I never cared much for Monopoly. As a kid, I preferred Pictionary and Scrabble (and as I got older, Trivial Pursuit and Taboo and Cranium). But Monopoly? That was a board game that always lasted far too long, with rules that were more like guidelines and an ethos that seemed to bring out the bossy, brash, ruthless sides of most people.

It was not for me.

A few weeks back, one of my colleagues forwarded me an NPR story, “Monopoly Game: Rules Made to Be Broken,” which suggested that the housing bubble was, in a small way, the result of bad lessons learned from “years of passing Go and collecting $200.” The journalist, Robert Smith, put this theory into action by playing Monopoly with two economics professors, one of whom thinks that the Parker Bros. game offers great lessons for children, and another who says Monopoly presents a warped view of capitalism with no innovation or mutual benefits.

Fascinating, I thought. Maybe there is something redeemable to be found in Monopoly after all.

“Looking at Monopoly in post-recession 2010,” Smith writes, “the rules seem like a sure way to crash an economy: The bank can never run out of money, mortgages are easy to get, and when you build houses the rent always goes up.” And when the money runs out, players start bending the rules, negotiating, bartering, and generally wheeling and dealing.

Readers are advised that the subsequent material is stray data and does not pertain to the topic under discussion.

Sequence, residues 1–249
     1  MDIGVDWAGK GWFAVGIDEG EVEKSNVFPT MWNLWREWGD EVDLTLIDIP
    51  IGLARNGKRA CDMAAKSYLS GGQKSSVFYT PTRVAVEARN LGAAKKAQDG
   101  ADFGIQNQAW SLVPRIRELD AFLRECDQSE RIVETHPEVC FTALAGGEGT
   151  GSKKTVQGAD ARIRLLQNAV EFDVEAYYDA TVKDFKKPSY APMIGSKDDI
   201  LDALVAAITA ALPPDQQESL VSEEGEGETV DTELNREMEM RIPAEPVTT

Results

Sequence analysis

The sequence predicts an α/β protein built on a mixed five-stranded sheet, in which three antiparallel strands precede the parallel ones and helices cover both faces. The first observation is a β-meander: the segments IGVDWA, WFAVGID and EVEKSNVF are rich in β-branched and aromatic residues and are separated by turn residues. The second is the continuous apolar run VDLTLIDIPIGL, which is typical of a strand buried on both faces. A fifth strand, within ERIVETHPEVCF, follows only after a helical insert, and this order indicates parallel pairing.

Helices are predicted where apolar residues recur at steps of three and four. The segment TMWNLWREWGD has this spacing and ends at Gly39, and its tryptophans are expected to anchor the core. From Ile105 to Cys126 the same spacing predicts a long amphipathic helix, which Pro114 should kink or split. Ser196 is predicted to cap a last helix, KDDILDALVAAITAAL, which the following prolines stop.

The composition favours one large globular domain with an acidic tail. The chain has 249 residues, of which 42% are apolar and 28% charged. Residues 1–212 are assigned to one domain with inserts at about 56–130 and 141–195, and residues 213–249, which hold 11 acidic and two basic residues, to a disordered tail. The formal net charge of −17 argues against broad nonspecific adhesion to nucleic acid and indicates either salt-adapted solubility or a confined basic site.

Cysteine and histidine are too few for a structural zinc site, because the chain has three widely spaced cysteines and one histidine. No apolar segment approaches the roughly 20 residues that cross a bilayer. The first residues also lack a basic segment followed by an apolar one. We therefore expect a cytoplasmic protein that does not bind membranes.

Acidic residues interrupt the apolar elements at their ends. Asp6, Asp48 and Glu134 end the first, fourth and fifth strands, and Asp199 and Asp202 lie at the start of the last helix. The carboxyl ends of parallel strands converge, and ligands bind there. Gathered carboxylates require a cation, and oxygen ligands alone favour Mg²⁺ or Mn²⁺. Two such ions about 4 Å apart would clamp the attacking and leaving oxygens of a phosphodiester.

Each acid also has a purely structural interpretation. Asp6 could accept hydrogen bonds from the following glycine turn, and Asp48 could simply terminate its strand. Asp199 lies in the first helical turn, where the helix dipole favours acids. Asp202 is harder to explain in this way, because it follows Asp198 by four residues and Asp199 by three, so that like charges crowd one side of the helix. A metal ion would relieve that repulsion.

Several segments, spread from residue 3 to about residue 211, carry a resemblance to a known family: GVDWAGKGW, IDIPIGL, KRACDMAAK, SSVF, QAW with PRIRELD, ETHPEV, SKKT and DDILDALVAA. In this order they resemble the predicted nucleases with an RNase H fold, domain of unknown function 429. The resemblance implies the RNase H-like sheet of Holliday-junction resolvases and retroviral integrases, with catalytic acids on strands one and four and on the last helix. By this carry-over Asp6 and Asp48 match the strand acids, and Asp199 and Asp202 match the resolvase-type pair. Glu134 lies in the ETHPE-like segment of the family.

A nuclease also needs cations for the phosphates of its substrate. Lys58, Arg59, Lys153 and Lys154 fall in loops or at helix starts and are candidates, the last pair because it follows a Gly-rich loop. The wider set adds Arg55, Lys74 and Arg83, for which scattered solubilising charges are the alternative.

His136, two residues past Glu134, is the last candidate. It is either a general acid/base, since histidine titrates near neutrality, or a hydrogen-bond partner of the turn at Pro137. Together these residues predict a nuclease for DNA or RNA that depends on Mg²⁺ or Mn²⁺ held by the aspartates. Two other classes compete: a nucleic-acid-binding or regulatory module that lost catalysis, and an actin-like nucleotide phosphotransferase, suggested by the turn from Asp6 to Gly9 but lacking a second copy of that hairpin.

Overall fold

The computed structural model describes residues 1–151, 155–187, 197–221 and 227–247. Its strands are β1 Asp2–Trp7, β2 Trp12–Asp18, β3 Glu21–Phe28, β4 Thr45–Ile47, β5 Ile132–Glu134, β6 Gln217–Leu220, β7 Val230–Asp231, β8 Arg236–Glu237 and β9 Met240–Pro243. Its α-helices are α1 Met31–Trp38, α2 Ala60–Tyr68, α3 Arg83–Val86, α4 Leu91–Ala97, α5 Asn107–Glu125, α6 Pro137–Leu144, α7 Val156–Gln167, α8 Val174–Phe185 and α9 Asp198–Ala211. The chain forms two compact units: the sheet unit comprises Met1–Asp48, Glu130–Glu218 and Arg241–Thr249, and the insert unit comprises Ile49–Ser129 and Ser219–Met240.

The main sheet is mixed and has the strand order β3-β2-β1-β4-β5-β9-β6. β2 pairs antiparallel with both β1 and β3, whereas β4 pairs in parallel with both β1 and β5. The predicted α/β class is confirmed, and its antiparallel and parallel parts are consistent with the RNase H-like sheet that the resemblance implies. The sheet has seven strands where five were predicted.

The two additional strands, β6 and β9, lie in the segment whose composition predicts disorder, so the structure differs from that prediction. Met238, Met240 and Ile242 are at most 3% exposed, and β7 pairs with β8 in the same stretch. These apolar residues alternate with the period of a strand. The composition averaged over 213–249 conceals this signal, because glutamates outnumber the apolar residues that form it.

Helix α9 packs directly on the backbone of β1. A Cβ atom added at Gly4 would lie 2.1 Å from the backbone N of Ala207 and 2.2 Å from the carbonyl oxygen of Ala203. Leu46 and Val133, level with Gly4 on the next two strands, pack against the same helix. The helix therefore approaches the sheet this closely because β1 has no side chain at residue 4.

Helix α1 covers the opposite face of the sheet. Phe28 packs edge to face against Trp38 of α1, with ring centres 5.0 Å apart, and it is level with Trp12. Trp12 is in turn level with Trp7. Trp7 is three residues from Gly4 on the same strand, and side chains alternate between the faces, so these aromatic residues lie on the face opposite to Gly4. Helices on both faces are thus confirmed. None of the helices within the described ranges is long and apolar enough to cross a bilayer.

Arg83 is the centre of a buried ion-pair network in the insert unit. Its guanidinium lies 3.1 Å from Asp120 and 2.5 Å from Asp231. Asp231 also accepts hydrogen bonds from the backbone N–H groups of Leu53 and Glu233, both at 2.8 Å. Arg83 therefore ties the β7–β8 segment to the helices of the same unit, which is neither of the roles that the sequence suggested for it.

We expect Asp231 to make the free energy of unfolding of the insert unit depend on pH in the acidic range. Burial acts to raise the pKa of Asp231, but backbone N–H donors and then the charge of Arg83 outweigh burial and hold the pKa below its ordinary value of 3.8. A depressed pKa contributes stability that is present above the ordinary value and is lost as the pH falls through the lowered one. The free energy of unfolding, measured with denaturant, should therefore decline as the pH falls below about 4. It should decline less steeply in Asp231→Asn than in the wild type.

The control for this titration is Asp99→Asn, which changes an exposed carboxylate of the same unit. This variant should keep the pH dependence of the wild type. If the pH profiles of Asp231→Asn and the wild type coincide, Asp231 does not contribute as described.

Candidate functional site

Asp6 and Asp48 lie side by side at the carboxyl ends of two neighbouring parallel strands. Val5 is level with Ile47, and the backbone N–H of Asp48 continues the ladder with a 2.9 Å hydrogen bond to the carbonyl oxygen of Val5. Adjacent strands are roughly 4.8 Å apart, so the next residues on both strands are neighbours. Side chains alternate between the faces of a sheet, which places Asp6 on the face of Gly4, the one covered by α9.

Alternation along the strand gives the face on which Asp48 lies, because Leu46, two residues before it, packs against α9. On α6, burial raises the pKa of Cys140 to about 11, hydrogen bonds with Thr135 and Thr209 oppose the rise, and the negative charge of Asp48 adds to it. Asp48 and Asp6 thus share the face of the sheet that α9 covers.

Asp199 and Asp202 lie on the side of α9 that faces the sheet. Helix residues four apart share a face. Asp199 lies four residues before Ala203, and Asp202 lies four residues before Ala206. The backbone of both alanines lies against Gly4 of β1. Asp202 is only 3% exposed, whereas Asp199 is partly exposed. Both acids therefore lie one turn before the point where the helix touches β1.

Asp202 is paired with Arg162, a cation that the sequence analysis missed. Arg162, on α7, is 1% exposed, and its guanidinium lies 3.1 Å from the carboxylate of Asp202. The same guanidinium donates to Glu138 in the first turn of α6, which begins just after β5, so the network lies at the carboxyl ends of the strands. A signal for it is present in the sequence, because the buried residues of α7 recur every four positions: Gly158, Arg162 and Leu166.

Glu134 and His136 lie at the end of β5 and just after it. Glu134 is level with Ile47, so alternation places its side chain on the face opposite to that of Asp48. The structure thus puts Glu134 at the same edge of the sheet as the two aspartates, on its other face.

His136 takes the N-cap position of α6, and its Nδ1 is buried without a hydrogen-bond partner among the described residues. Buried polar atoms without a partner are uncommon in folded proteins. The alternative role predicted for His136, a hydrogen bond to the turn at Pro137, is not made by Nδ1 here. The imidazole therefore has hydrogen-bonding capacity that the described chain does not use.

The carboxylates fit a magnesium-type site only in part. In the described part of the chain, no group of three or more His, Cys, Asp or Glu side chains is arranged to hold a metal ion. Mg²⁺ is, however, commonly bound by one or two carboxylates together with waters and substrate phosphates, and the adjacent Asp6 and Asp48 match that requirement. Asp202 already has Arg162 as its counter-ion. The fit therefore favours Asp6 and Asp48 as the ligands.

Sound familiar? At times during the Era of Excess (read: 2005 to 2007), the real estate industry certainly acted like it was playing a game without risk. A game with elements of no-limit Texas Hold ‘Em. Russian roulette. Monopoly on steroids.

But clearly, as time passed, we learned that there were indeed risks—very real ones—that came with running our businesses like Park Place and Broadway.

Now, I know plenty of people who would say that real estate is cyclical. The boom, and subsequent bust, were to be expected, and we will soon be on our way to recovery. That it will be game over, roll the dice, start over again. In fact, a number of industry observers say that recovery is already here—that it arrived with vigor in the second quarter of 2010. And in some respects, they’re right: Rent growth was positive for the first time since the third quarter of 2008; vacancies dropped; multifamily starts were projected to rise slightly.

But there’s still one factor at play that isn’t being addressed: Jobs. Nationally, unemployment still hovers above 9 percent. For the slowly progressing recovery, unemployment is “The X Factor”—that element that can undermine the fragile economy quickly and without forewarning, kind of like the “chance” cards in Monopoly. And it’s not the only X factor that multifamily players have to watch for. On the operational side, there are dozens of unknowns that can influence business, from legislative reforms to natural disasters. And for developers, the biggest problem may be their biggest legacy—those mega developments with their tens of thousands of units, rent and management woes, and delinquency concerns. We look at all of these factors, and more, this month. The coverage begins on page 25.

It’s hard to know whether the tides really are turning in the economy or whether those issues and situations outside of our day-to-day control may wreak havoc on our business. Yet it’s a risk that most in the industry willingly take—possible ruin for tremendous opportunity and great reward.

I guess that’s the way it is with any game worth playing. Even Monopoly.